• 5 Things I Thought MY Children Would Never Do — Luschka at Diary of a First Child largely laughs at herself and her previous misconceptions about things her children would or wouldn’t do, or be allowed to do.
  • Policing politeness — Lauren at Hobo Mama rethinks a conviction she had about modeling vs. teaching her children about courtesy.
  • The Before and The After: Learning about Parenting — Amy at Me, Mothering, and Making it All Work reminisces about the perspective she held as a young adult working with children (and parents) . . . before she became a mother.
  • Parenting Beliefs: Becoming the Parent You Want to Be — Mandy at Living Peacefully with Children discusses how we can make a mindful decision to become the parent we want to be. Decisions we make affect who we will become.
  • The Great Breastfeeding Debacle — In Lisa at The Squishable Baby’s mind, breastfeeding would be easy.
  • What my daughter taught me about being a parentMrs Green asks, “Is it ever ok to lock your child in their bedroom?”
  • Sensory Box Fail! — Megan at The Boho Mama discovers that thoughtful sensory activities can sometimes lead to pasta in your bra and beans up your nose.
  • Montessori and My Children – Theory vs. Reality — Deb Chitwood at Living Montessori Now shares her experiences with Montessori parenting and describes the results she sees in her now-adult children.
  • I Like The Mother I Am Now More Than The Mother I Intended To Be — Darcel at The Mahogany Way thought she would just give her kids the look and they would immediately fall in line.


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  1. Dionna Ford

    I’m making a public declaration – I want to spend more time with you. I already consider you my CL/mindful parenting mentor, so it’s silly that I don’t make more of an effort to spend time with you before you leave me forever :)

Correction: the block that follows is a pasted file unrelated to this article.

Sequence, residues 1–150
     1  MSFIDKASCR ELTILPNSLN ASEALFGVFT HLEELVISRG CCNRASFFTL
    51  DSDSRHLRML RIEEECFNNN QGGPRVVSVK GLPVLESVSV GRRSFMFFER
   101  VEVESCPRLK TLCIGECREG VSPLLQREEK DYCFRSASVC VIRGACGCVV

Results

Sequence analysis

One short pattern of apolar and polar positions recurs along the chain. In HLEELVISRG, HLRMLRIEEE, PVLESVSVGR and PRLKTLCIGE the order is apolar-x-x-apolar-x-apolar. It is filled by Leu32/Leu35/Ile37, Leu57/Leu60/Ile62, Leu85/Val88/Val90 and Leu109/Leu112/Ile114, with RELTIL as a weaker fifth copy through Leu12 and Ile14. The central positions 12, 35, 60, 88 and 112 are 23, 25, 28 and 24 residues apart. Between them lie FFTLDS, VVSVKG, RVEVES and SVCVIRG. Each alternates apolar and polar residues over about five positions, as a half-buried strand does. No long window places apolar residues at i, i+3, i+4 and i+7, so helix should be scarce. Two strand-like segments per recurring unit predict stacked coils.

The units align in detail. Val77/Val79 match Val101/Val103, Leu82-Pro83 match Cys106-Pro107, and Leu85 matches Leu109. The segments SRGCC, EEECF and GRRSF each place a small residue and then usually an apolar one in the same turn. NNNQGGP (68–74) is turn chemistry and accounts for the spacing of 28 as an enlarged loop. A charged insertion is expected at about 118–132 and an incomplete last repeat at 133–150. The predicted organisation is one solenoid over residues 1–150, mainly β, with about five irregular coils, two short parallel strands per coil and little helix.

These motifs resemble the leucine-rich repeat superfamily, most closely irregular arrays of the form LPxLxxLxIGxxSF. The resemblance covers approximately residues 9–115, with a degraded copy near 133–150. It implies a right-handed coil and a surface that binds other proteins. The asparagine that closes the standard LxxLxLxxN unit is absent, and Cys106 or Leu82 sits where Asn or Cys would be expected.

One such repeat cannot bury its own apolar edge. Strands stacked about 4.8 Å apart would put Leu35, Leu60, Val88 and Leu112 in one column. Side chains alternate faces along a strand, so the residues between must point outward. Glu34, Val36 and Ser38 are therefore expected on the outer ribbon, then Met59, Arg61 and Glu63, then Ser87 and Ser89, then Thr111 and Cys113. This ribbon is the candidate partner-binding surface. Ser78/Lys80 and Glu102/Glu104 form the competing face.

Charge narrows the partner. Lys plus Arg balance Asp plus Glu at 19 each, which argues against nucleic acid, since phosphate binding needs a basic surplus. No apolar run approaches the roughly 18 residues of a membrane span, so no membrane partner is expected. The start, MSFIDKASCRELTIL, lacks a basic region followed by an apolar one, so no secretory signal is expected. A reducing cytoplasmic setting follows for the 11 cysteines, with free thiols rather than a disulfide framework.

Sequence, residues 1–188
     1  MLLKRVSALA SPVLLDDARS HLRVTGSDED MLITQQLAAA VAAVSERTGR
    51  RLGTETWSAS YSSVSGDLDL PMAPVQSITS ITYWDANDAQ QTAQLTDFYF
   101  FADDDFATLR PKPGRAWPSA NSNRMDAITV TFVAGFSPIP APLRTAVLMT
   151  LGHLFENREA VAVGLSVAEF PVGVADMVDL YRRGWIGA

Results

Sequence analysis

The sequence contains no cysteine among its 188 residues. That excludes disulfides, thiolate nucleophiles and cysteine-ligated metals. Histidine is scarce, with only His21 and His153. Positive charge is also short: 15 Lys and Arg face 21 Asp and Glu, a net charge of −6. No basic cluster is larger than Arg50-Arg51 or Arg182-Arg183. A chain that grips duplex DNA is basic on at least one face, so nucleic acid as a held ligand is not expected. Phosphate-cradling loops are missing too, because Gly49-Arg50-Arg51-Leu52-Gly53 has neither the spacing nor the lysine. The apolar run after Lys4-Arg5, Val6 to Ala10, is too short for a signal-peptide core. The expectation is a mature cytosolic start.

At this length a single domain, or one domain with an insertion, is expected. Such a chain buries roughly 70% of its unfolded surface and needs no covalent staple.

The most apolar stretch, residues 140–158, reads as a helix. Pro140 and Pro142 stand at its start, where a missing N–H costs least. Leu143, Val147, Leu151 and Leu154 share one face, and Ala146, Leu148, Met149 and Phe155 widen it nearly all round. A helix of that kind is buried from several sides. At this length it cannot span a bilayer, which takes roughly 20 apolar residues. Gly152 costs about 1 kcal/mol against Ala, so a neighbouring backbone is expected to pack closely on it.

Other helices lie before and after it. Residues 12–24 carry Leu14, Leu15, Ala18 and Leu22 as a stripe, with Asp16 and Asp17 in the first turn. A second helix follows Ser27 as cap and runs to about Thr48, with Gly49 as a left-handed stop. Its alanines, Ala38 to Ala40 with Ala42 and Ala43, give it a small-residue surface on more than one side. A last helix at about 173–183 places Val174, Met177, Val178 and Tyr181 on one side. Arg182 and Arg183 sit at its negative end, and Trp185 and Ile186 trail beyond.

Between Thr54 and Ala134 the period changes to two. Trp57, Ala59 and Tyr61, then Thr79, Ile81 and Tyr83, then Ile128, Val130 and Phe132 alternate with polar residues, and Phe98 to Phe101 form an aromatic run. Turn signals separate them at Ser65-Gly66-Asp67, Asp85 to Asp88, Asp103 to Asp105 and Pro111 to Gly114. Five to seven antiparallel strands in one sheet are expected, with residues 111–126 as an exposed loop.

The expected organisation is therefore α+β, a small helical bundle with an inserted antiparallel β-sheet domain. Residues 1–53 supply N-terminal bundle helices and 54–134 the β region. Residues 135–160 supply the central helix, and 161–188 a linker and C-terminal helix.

2. lisarenee25

    Great post Mandy. Everybody messes up – even when I don’t intend to – I do. At first it seemed I was apologizing constantly, but not the case anymore. I’m getting better, but not at all perfect. I have never or would never hit my kids or anybody else. Sometimes it becomes way to much to handle.

    What to do, what to do?

    I don’t know but I’m pretty tired of beating myself up about it.

    You are a great Mom. Your kids are very lucky.

  3. Lauren @ Hobo Mama

    This is so insightful. I never thought of venting conversations that way before, but that makes a lot of sense. Thanks for the change in perspective!

  4. HereNowBrownCow

    Wow, I have been having a lot of similar thoughts lately! I have been thinking a lot about how we don’t need someone to teach us how to parent, but we need to look deep within and develop a mutual respect with our children, and the rest will come naturally. I love your post! The self-care for parents part is awesome, I’ve been working on myself a lot lately and find this has made the biggest difference!! Also, if anyone is interested, I am offering a free 14 day intro to mindfulness course on my blog. Thanks for sharing!